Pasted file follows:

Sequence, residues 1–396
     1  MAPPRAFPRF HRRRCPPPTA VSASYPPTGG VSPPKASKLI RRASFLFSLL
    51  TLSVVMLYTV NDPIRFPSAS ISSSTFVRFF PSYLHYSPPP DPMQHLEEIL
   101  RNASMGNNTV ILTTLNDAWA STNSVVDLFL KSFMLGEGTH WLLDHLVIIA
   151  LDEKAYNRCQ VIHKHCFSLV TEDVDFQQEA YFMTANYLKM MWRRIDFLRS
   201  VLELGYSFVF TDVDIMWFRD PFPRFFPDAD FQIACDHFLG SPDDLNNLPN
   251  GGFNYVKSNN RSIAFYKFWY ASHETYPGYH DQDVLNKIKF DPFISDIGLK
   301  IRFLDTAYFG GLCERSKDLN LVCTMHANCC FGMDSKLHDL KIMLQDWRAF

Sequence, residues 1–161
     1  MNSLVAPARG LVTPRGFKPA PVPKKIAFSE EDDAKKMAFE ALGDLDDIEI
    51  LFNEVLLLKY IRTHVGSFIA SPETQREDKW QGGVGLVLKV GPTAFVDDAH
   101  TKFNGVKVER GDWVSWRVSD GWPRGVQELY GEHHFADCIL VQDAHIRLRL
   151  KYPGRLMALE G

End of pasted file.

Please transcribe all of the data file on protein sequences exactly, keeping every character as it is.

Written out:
Sequence, residues 1–396
     1  MAPPRAFPRF HRRRCPPPTA VSASYPPTGG VSPPKASKLI RRASFLFSLL
    51  TLSVVMLYTV NDPIRFPSAS ISSSTFVRFF PSYLHYSPPP DPMQHLEEIL
   101  RNASMGNNTV ILTTLNDAWA STNSVVDLFL KSFMLGEGTH WLLDHLVIIA
   151  LDEKAYNRCQ VIHKHCFSLV TEDVDFQQEA YFMTANYLKM MWRRIDFLRS
   201  VLELGYSFVF TDVDIMWFRD PFPRFFPDAD FQIACDHFLG SPDDLNNLPN
   251  GGFNYVKSNN RSIAFYKFWY ASHETYPGYH DQDVLNKIKF DPFISDIGLK
   301  IRFLDTAYFG GLCERSKDLN LVCTMHANCC FGMDSKLHDL KIMLQDWRAF

Sequence, residues 1–161
     1  MNSLVAPARG LVTPRGFKPA PVPKKIAFSE EDDAKKMAFE ALGDLDDIEI
    51  LFNEVLLLKY IRTHVGSFIA SPETQREDKW QGGVGLVLKV GPTAFVDDAH
   101  TKFNGVKVER GDWVSWRVSD GWPRGVQELY GEHHFADCIL VQDAHIRLRL
   151  KYPGRLMALE G